This guest post is written by Barbara Hemphill, LeadHer Board Chair/LeadHer Local Member. You can connect with Barbara on Facebook, Linkedin and Twitter.

closetResearch shows that 80% of what we have, we never use. Look in your clothes closet, the kitchen cupboards, the linen closet, the garage, the children’s playroom,the attic…

In the research for my latest book Less Clutter More Life I asked the question, “What stops you from getting rid of what you don’t use.” Here were the most frequent answers:

 

 I don’t have time to go through my stuff.

 It’s not my clutter.

 I have more important things to do.

 I have to take care of other people and other things first.

 I am easily distracted and go off on tangents.

 I get stuck in the memories of the past.

 I want to be responsible and respectful of things I have been given.

 It is too emotionally draining.

 It’s hard to admit I have an issue.

 I am afraid to let something go. I might want it back.

If you think clutter is a modern issue, check out 1 Samuel 10:22b (KJV). Samuel was looking for Saul to appoint him king. “And the Lord answered, behold he hath hid himself among the stuff.”

Here are 10 tips to help you turn your clutter into a blessing for someone else:

1. Start with your own stuff and don’t tell anyone what you are doing. Be a LeadHer by example.

2. If you don’t feel you can do it alone, invite a friend to join you. As my mother always said, “More hands make lighter work.” Offer to do the same for her. You may even have a child who is naturally organized, and would love the opportunity.

3. Decide whether it would easier for you to do a little at a time – or set aside a larger block of time for sorting. Either works!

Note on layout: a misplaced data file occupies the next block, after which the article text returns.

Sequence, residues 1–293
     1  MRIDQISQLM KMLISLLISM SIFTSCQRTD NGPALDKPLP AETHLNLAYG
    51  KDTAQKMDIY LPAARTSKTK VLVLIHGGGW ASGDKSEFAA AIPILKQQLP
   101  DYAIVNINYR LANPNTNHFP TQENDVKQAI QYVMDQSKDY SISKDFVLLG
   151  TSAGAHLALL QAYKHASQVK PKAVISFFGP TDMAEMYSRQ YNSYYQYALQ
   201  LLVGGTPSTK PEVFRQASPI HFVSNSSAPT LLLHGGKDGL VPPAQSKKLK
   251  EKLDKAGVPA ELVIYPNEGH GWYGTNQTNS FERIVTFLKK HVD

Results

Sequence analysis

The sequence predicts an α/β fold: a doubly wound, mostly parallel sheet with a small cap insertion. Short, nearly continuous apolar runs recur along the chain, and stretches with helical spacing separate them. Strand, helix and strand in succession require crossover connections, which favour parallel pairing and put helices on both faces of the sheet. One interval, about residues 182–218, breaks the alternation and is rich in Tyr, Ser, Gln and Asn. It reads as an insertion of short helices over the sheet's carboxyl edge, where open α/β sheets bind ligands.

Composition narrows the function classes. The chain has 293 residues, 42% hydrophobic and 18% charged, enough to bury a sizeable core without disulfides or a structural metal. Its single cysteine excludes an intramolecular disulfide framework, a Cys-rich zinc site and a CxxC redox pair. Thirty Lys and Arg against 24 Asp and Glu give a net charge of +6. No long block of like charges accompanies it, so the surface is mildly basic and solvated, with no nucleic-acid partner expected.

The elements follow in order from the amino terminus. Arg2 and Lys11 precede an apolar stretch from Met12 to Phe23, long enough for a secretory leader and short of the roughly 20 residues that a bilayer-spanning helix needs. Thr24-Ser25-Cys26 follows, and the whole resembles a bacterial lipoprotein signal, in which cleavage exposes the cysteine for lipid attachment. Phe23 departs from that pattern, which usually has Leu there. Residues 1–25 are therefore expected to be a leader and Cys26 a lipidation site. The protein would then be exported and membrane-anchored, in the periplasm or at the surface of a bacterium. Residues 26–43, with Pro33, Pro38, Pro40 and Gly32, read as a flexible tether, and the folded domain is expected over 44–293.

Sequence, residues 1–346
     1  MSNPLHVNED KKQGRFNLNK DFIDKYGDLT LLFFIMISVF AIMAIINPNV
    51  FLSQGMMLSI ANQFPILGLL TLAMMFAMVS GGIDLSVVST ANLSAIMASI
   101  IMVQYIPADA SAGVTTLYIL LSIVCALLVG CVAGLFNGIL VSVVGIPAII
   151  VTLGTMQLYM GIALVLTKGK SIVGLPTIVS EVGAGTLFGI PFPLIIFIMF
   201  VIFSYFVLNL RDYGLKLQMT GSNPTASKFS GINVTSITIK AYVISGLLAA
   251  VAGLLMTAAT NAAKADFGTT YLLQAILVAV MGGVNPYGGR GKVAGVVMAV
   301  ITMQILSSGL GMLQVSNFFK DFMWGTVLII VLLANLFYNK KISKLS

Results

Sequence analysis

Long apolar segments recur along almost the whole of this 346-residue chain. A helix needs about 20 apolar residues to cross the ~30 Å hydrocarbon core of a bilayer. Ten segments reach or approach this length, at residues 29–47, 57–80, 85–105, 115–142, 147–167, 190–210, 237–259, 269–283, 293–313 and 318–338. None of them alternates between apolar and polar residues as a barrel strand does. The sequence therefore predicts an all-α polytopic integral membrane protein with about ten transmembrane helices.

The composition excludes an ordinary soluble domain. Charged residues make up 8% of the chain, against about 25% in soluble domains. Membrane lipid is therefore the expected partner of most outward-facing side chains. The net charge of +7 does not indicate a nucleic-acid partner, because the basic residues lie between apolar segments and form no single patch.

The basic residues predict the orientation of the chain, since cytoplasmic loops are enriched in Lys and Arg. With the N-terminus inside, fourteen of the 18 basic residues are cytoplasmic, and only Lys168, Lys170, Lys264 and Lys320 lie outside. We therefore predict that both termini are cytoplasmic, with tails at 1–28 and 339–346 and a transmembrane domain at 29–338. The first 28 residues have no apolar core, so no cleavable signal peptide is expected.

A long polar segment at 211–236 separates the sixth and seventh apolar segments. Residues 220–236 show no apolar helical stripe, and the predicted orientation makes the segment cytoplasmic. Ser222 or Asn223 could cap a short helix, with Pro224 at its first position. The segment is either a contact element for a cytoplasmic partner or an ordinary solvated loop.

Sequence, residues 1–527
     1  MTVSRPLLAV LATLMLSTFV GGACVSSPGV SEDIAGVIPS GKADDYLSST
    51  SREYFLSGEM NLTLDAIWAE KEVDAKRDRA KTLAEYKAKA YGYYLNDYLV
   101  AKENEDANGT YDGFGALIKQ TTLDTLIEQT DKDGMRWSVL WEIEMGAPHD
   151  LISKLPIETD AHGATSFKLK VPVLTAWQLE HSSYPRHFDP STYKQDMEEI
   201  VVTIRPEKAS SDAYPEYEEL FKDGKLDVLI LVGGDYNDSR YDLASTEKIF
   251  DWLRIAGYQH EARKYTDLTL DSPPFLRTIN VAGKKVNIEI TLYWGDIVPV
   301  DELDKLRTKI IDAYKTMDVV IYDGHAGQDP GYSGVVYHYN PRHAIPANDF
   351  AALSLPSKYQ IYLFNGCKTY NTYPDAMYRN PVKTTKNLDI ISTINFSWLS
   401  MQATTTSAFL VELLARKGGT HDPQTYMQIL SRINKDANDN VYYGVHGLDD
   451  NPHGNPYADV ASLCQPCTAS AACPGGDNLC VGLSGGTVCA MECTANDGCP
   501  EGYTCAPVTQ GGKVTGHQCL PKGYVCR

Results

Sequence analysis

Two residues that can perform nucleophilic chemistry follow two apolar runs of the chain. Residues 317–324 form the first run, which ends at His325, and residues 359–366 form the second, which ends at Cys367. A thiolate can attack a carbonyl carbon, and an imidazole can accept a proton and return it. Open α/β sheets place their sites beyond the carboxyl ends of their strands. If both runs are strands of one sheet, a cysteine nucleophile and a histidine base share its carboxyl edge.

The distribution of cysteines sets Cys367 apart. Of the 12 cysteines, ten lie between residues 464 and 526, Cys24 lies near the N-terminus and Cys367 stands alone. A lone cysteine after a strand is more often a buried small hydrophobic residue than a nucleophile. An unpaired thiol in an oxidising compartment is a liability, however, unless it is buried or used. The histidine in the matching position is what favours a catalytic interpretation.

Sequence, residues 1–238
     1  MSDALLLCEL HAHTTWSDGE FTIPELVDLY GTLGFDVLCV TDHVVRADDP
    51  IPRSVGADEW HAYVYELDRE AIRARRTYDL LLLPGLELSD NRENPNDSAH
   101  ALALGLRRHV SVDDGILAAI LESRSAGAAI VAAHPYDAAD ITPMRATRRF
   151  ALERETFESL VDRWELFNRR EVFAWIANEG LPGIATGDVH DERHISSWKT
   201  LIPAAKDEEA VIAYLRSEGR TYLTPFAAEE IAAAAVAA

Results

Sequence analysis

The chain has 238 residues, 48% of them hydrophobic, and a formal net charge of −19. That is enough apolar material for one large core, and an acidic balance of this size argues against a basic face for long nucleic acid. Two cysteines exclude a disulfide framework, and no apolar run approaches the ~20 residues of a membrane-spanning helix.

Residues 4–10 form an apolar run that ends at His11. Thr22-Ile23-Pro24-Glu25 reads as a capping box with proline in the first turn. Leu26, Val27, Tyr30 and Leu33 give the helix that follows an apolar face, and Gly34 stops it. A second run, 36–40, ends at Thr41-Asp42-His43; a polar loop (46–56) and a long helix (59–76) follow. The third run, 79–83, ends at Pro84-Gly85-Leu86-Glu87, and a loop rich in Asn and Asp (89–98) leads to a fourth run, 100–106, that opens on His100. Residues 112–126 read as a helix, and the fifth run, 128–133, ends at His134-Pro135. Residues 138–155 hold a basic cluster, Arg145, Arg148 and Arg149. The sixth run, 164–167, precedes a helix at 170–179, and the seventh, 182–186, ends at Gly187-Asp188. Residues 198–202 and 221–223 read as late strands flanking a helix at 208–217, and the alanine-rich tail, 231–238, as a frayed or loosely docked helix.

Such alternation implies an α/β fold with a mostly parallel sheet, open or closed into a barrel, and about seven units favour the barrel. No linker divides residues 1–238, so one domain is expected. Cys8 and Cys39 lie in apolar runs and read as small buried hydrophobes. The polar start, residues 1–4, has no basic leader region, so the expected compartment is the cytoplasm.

4. Identify places that would appreciate having what you don’t need. Our county has a non-profit that helps victims of domestic violence.

5. Before you begin, get a trash bag, for those things no one needs, and paper and marking pens.

6. For every hour of organizing, allow ten minutes for “clean-uCharitable donationsp.” Set a timer as a reminder!

7. Go through the area you have identified and ask, “Does this ______ help me accomplish my work or enjoy my life?” If your answer is “Not really,” you have an opportunity for a blessing.

8. If you’re still not sure whether to keep something, ask “What’s the worst possible thing that would happen if I got rid of this, and I was wrong?” If you can live with your answer, let it go. If you’re still not sure, don’t stop – just go on to something else, and keep asking.

9. If you find something that belongs somewhere else, don’t go there – just put it in a pile to take when you are finished. Make a sign to indicate destination.

10. Before you go to your next activity, make a date with yourself to tackle the next cluttered area. Once you have gone through all the areas in your home, you can sustain your success by making it an annual event.

While letting go of what you don’t use isn’t a moral issue, it is a stewardship issue. During the 35+ years I’ve been helping people and organizations clear the clutter, no one has ever said, “I’m sorry I did that.” You’ll be glad you did, and so will the people you bless!